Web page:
Confessions of a Quackbuster

This blog deals with healthcare consumer protection, and is therefore about quackery, healthfraud, chiropractic, and other forms of so-Called "Alternative" Medicine (sCAM).

Saturday, August 27, 2005

Christopher Cain: Spinal claims have no backbone

The Advertiser

Christopher Cain: Spinal claims have no backbone

THERE are a lot of myths and misconceptions about what makes good treatment for backs, as there is about many other ailments. Sorting the facts from the fiction is not easy for the public.

The medical profession does not have all the answers, but what we do know, and what the community rightly expects, is that there is evidence to support particular forms of treatment before they are embraced for general use. Doctors are trained to practise good medicine and good medicine needs an evidence base.

This brings me to the claims of some chiropractic groups around town. The Australian Medical Association of South Australia has been concerned about some of the claims that are made that spinal manipulation has a role to play in the treatment of conditions like asthma and ear infections ñ claims that are not supported by scientific evidence.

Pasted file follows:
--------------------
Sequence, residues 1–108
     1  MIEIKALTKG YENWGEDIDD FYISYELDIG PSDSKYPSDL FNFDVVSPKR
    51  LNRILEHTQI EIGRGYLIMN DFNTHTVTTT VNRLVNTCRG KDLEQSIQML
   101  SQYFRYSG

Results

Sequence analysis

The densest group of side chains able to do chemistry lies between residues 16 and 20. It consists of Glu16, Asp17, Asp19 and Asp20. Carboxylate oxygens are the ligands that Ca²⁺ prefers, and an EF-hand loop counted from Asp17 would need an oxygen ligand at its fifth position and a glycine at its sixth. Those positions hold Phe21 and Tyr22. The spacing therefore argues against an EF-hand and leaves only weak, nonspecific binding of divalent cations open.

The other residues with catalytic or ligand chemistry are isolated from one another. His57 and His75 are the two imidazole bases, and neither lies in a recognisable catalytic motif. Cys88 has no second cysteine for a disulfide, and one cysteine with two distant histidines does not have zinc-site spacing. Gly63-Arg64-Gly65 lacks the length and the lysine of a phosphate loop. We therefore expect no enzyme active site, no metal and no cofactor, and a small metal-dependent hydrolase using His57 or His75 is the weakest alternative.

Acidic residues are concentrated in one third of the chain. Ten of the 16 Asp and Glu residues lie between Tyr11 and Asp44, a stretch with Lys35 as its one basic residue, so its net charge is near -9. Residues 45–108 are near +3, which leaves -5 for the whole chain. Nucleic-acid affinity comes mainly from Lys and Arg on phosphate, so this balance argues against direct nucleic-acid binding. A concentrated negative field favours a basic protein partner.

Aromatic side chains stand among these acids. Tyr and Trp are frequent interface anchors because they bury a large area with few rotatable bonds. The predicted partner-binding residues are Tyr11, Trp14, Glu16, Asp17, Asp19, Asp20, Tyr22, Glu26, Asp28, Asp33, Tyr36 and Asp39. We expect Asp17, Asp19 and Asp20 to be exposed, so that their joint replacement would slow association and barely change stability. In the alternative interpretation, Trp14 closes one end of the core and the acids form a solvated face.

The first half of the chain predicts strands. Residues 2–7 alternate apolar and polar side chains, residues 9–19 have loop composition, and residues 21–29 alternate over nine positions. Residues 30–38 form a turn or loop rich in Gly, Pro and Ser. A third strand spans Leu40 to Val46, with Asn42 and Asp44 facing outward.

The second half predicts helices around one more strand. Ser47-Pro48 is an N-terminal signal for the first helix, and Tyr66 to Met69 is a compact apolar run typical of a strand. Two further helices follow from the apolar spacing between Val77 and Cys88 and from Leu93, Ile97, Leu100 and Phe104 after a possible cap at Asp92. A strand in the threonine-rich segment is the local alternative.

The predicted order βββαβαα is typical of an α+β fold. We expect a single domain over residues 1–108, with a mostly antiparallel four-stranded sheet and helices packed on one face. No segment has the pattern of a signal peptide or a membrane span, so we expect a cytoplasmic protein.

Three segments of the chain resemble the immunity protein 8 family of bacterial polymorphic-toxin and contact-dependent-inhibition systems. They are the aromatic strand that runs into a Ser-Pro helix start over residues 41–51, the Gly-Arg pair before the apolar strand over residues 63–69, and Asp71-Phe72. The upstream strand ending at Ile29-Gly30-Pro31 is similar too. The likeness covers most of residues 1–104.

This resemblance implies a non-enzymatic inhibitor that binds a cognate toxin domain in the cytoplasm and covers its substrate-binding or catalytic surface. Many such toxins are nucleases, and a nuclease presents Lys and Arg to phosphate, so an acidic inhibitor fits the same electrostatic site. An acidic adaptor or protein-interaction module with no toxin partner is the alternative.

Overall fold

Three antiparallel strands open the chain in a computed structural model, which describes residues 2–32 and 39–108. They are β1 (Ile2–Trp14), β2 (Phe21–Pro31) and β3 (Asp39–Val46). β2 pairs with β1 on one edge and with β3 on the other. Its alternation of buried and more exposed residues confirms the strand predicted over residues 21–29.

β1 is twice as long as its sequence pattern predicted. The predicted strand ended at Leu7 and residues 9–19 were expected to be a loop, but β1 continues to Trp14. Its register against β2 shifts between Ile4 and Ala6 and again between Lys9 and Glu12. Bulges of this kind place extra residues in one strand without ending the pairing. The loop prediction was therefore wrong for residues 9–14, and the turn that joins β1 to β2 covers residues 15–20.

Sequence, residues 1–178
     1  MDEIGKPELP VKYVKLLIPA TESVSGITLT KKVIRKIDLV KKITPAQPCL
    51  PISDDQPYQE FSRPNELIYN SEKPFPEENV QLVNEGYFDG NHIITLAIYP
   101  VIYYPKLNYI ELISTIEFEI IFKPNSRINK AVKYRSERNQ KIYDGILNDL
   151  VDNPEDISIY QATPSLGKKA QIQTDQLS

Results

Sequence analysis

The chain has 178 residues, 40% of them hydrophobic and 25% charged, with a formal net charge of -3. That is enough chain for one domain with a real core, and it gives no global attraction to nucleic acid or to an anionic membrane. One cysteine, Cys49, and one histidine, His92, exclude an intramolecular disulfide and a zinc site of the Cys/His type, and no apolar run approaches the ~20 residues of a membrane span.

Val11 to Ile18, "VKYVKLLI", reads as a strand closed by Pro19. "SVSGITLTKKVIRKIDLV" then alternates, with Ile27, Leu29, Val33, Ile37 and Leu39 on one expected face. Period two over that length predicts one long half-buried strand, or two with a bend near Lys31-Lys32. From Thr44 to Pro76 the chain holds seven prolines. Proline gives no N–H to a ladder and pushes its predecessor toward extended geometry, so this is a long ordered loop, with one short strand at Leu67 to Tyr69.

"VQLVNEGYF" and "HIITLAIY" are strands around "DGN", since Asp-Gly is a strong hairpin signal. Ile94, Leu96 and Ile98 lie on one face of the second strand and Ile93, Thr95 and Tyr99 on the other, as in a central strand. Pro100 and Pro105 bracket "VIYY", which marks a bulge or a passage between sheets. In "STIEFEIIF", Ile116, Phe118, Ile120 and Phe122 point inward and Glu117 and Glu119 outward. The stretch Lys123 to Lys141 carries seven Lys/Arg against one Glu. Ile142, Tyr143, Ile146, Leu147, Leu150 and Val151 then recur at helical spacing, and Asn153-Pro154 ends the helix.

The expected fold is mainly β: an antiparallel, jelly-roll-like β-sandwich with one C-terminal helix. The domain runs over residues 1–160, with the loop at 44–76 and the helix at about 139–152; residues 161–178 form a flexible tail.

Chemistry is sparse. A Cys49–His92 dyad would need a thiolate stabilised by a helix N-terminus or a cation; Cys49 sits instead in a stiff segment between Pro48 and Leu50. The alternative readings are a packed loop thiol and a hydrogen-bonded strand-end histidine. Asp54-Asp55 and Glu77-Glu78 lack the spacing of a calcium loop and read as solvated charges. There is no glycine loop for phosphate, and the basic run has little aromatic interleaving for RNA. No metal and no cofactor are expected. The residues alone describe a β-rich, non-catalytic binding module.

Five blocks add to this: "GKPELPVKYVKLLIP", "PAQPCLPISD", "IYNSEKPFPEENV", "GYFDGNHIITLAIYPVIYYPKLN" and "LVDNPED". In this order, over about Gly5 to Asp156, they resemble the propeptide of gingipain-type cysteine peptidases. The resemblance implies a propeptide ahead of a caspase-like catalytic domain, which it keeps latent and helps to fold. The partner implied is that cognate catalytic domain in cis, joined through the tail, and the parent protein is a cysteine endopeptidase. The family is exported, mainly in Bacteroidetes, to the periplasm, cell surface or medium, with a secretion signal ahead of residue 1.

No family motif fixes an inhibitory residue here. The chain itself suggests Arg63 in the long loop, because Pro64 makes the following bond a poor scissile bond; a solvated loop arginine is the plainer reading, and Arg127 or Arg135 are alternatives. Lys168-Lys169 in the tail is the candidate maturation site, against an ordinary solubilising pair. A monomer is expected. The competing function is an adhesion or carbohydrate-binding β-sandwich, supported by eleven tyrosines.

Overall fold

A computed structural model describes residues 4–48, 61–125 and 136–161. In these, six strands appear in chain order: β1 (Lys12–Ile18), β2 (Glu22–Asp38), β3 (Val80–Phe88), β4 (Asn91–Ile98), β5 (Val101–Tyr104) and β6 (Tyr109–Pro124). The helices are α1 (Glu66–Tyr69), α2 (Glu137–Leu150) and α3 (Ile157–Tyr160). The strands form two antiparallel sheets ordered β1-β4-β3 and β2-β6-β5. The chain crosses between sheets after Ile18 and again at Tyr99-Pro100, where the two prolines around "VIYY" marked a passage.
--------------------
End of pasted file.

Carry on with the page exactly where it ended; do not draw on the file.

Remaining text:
Our clear advice is to consult your family doctor rather than your chiropractor about these medical conditions. On the topic of things chiropractic, you may have heard the term "subluxation" used fairly widely in the media and in our community.

While not the true medical meaning of the term, in this context it is used to refer to joints that are apparently "out of place" and which can be "clicked back" by manipulation.

This clicking noise is created by the separation of the joint surfaces and the creation of a vacuum effect, just like when a suction cup is removed from a smooth surface.

I am sure most of you will have "cracked" your knuckles or heard a "crack" in your knee or back when you bend or twist in certain directions. This is caused by the rapid separation of the joint surface and not true "subluxation", which implies a significant injury to the ligaments and soft tissue around the joint.

Your fingers, knee or back were probably working fine before you heard the "crack", and will have continued to do so afterwards. Chiropractic is a well-accepted therapeutic treatment used in the community, and it certainly has a role to play in the management of a range of musculoskeletal complaints.

A deep-seated massage will no doubt make you feel better for a while, but be aware there is no evidence to support other therapeutic benefits of this treatment, despite a considerable amount of research done over a long period of time to try to validate this.

Any treatment, chiropractic, physiotherapy or medical, should provide a benefit within a relatively short period of time (two or three weeks) if it is going to be effective in the longer term. If this is not the case, or if the treatment actually aggravates your symptoms, there is no point persisting.

Dr Christopher Cain is state president of the Australian Medical Association.

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